CACOL Hails Conviction of Farouk Lawan, Raises Questions


The Centre for Anti-Corruption and Open Leadership, CACOL, is excited over the conviction and subsequent sentencing of an erstwhile member of the House of Representatives, Hon Farouk Lawal. The group made the position known in a statement signed by its director of administration and programmes, Tola Oresanwo, on behalf of the its chairman, Mr. Debo Adeniran.
“We at CACOL, therefore, congratulate the Independent Corrupt Practices and Other Related Offences Commission (ICPC) for a job well done and for its meticulous and diligent prosecution of this case despite the long years involved in the litigation.
We would recall that in Suit No. FHC/HC/CR/76/2013, Lawan, a former House of Representatives member representing Bagwai/Shanono Federal Constituency of Kano State between 1999 and 2015 and former Chairman of the House of Representatives Ad-hoc Committee on Fuel Subsidy in 2012, was brought before the court over a $3m bribery charge filed by the Independent Corrupt Practices and other related offences Commission on behalf of the Federal Government”.
Lawal was accused of demanding bribe to the tune of $3m and obtaining $500,000 from oil magnate, Femi Otedola, Chairman of Zenon Petroleum and Gas Ltd, as inducement to remove his company from the list of those indicted before the House of Reps Ad-hoc Committee on Fuel Subsidy.
While deposing his evidence, Otedola, told the court that he did not mount pressure on Lawan to remove his company’s name from the list of firms indicted over the 2012 fuel subsidy fraud as alleged by the defendant. According to him, Lawan, then chairman of the ad hoc committee, collected $500,000 of the $3m the former lawmaker demanded.
Apparently convinced by the evidence adduced, the court found the defendant guilty on all counts and sentenced him appropriately.
Meanwhile, CACOL is demanding that relevant authorities must consider the case’s many questions still begging for consideration. For instance, while wondering if the sting operation that nabbed Lawan has exonerated the bribe giver, Otedola, CACOL opines that the firm’s conduct should also be looked into given that its name would not have been in the house of representatives ad-hoc committee list in the first instance if there was no case against it.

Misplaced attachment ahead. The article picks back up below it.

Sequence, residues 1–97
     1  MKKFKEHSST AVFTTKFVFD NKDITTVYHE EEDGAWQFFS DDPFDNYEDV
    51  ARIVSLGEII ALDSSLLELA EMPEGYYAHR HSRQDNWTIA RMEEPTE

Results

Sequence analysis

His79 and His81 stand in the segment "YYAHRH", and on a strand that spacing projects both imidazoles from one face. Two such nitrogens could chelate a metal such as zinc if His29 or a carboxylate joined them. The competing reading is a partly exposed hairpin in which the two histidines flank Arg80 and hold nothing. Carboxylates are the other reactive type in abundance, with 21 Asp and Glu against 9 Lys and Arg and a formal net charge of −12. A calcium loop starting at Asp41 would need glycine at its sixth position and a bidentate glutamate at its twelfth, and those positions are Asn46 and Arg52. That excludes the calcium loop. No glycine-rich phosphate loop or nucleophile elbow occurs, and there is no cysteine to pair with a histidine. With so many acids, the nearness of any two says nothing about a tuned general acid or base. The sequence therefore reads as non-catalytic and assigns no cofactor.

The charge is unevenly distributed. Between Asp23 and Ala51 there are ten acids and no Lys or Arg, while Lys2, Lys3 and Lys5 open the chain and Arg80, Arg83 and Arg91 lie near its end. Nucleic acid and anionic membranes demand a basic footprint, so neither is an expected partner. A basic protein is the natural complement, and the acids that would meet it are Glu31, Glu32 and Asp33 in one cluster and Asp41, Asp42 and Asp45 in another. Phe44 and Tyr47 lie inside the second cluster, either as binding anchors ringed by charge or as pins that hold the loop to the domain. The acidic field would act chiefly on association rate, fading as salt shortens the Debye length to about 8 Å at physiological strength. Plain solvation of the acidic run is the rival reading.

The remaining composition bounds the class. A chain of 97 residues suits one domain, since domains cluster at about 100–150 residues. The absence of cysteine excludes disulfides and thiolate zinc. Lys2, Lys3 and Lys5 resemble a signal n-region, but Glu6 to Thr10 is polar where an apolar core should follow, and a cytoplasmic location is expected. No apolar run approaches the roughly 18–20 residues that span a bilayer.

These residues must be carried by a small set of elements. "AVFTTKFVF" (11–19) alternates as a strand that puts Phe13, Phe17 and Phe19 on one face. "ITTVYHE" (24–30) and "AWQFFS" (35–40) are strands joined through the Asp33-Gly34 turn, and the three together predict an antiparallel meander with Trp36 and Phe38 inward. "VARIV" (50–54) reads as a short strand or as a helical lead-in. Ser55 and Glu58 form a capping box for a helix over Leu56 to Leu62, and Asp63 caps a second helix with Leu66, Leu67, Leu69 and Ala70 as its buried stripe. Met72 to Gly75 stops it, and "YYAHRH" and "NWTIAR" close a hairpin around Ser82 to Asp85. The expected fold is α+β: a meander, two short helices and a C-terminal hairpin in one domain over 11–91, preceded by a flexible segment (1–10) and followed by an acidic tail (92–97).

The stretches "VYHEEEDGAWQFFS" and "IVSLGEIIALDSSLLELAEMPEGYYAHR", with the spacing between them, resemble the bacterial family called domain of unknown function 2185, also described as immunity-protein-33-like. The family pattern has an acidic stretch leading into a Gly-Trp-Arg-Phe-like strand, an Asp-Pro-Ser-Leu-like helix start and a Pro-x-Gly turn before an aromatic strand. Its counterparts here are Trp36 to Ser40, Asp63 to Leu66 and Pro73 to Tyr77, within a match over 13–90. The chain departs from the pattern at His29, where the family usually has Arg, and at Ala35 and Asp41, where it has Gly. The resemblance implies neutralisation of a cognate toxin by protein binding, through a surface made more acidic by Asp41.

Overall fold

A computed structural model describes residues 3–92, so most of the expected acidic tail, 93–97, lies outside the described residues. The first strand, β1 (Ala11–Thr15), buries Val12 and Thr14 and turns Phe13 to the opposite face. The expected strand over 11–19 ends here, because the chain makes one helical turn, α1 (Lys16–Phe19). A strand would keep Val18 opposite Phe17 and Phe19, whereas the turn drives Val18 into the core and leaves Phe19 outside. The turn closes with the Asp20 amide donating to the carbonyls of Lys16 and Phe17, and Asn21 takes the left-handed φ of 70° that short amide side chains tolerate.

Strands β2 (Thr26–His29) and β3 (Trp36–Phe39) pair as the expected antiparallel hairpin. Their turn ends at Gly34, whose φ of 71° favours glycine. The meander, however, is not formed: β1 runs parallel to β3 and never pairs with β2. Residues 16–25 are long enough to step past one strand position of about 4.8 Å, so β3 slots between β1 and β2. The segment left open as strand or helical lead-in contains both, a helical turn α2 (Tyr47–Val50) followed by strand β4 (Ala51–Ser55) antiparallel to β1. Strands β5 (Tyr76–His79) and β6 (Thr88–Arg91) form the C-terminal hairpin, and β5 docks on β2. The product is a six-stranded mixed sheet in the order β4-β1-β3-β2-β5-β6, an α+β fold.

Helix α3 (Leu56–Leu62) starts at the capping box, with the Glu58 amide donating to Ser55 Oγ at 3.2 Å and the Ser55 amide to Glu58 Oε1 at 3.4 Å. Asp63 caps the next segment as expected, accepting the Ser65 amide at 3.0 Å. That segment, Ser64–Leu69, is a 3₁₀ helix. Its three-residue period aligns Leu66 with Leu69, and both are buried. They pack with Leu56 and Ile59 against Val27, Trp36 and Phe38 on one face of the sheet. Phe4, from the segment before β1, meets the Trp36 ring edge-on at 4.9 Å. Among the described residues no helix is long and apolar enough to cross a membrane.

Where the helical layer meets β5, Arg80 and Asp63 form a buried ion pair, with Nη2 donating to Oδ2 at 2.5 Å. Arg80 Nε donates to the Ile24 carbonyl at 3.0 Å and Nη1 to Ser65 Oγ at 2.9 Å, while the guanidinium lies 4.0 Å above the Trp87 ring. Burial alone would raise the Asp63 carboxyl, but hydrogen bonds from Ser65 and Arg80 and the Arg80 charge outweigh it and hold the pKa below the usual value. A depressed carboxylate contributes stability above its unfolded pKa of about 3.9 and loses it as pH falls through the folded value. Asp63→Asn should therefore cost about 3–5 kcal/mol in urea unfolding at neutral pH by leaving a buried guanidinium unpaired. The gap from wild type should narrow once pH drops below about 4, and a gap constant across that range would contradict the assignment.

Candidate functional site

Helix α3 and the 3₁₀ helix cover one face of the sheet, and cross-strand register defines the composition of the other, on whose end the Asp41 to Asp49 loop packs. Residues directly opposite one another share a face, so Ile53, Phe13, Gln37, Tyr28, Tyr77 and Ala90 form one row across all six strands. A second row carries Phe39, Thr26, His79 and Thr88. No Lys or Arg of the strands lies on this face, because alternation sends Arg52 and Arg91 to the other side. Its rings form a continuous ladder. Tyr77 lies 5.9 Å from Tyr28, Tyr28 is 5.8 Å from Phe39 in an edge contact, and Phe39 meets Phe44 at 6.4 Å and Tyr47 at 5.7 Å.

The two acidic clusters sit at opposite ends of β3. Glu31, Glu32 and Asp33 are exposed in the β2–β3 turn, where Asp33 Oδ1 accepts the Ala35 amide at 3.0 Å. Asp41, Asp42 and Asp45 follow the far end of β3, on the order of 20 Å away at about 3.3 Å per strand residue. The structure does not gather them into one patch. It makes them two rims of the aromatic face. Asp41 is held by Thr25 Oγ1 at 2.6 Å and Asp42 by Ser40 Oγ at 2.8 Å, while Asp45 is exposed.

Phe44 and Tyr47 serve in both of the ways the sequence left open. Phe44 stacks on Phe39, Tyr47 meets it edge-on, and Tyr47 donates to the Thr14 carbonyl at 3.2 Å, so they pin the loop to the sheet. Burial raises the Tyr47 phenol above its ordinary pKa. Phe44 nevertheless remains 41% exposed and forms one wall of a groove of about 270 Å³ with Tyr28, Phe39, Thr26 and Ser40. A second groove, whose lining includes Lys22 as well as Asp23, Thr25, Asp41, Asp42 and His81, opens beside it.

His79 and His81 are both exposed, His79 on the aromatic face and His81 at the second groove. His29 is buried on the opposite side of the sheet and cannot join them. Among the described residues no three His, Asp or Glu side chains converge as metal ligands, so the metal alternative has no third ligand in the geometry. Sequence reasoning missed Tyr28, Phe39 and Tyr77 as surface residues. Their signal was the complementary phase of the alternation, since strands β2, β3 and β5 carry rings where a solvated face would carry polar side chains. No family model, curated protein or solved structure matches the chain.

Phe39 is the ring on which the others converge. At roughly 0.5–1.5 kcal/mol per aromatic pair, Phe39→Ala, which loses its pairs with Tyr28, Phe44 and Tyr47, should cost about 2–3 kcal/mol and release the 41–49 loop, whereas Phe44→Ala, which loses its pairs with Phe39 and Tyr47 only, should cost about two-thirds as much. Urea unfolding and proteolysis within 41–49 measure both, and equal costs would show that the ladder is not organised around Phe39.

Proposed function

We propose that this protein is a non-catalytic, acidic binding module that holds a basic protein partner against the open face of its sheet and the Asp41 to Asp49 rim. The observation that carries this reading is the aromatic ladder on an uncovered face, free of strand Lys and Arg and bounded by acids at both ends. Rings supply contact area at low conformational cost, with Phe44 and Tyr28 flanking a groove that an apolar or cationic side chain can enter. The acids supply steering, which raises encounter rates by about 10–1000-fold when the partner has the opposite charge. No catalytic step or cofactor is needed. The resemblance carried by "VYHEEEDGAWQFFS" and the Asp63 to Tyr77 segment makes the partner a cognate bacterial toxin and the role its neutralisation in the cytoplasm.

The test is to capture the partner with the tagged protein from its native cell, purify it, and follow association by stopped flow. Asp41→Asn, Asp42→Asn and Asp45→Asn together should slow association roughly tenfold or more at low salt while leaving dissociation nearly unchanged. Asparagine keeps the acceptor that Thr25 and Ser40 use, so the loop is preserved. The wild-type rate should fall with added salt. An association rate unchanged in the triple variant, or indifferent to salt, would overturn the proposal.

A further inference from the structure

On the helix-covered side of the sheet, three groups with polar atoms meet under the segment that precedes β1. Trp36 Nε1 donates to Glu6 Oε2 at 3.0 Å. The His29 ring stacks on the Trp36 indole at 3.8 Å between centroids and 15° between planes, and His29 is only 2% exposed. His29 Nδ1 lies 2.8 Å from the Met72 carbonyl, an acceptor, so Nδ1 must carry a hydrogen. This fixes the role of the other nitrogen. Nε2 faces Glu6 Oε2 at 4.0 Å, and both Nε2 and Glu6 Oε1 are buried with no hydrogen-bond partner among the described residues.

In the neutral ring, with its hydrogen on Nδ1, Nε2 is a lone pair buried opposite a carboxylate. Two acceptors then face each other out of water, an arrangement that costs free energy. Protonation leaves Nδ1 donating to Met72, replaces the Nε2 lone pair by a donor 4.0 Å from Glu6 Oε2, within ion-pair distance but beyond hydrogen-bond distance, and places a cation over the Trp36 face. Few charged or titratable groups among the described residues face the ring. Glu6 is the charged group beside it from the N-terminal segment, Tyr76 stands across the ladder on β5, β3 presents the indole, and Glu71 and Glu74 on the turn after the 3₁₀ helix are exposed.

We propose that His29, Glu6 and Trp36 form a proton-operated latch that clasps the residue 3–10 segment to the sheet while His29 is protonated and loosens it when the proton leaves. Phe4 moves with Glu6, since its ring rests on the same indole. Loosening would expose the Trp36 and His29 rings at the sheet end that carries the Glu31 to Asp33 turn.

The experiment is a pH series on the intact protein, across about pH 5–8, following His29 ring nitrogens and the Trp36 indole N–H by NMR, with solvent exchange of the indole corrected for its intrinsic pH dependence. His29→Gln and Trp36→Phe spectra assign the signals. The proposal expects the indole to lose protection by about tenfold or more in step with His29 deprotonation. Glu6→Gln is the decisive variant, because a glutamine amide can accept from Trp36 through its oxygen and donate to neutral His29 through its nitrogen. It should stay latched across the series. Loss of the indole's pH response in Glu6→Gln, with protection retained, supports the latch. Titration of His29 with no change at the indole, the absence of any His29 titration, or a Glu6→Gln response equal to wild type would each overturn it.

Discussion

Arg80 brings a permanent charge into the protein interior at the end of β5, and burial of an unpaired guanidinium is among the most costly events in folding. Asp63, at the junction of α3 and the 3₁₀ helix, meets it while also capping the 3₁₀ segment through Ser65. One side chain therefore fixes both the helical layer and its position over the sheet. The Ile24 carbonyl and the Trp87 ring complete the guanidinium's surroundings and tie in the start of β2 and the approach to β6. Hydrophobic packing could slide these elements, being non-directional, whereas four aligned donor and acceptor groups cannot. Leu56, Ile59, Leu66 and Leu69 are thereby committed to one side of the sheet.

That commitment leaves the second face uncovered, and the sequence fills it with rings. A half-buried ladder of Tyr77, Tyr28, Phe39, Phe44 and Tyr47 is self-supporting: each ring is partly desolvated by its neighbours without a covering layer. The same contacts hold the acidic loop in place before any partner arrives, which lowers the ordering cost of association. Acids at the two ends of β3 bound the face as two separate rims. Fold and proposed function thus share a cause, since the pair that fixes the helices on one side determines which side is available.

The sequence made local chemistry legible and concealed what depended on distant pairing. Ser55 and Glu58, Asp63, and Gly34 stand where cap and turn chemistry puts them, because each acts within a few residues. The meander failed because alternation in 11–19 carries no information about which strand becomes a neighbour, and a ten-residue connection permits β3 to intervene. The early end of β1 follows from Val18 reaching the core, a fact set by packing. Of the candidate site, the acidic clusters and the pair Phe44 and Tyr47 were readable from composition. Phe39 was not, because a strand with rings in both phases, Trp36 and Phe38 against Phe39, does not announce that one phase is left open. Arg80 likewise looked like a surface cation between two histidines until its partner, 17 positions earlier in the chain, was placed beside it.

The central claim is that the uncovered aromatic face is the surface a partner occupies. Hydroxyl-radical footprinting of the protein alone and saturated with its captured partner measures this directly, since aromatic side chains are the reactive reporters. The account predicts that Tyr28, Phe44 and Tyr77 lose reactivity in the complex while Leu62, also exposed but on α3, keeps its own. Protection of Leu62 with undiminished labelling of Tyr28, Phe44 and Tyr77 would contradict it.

“Does the successful “sting” operation, exonerate Femi Otedola’s Zenon Oil of culpability? We want to believe that if there was no case against his firm, the name of the firm won’t be on the list in the first place. Has the firm been exonerated or cleared by any court of law”?
Among others, CACOL also wants to know if the sting operation that nabbed Lawan exculpated Zenon Oil of culpability, just as it wants explanations over the outcome of the case against other firms and individuals named in the fuel subsidy scandal.
“Does the successful “sting” operation, exonerate Femi Otedola’s Zenon Oil of culpability? We want to believe that if there was no case against his firm, the name of the firm won’t be on the list in the first place. Has the firm been exonerated or cleared by any court of law?
What happened to other firms and individuals that were fingered in the fuel subsidy scandal? What is their fate now? We would want the public to know,” CACOL demanded.
While being obviously excited over the rising hope that the Judiciary is determined to live up to its name, CACOL enjoins security agencies not to dismiss Lawan’s alibi as his involvement in the scandal may indeed be a frame-up of some sort.
“The law enforcement agencies should not wave Farouk Lawan’s alibi aside. His involvement in the bribery scandal could have been a frame-up after all. It could also be due to his negligence nevertheless, he is guilty as charged and we are happy that the law took its cause. For someone who headed the integrity group in the National Assembly, and earned himself the nickname “Mr. Integrity” his argument of frame up should not be dismissed and should also be investigated so as to be sure that those who are fighting corruption in the high places are not sacrificed on the altar of convenience. It is a known fact that corruption criminals are rich, powerful, influential and crookedly smart. They could create powerful networks and most of the times they can attempt to buy anything over including witnesses, evidences and even law enforcement officers and framing up someone who wants to get them to justice may not be outside their purview. So investigators should look into Lawan’s claim of alleged setup and come out with their report. This would encourage other well meaning Nigerians to be ready to come out and blow the whistle when it becomes necessary and do the needful whenever such duty keeps calling.”

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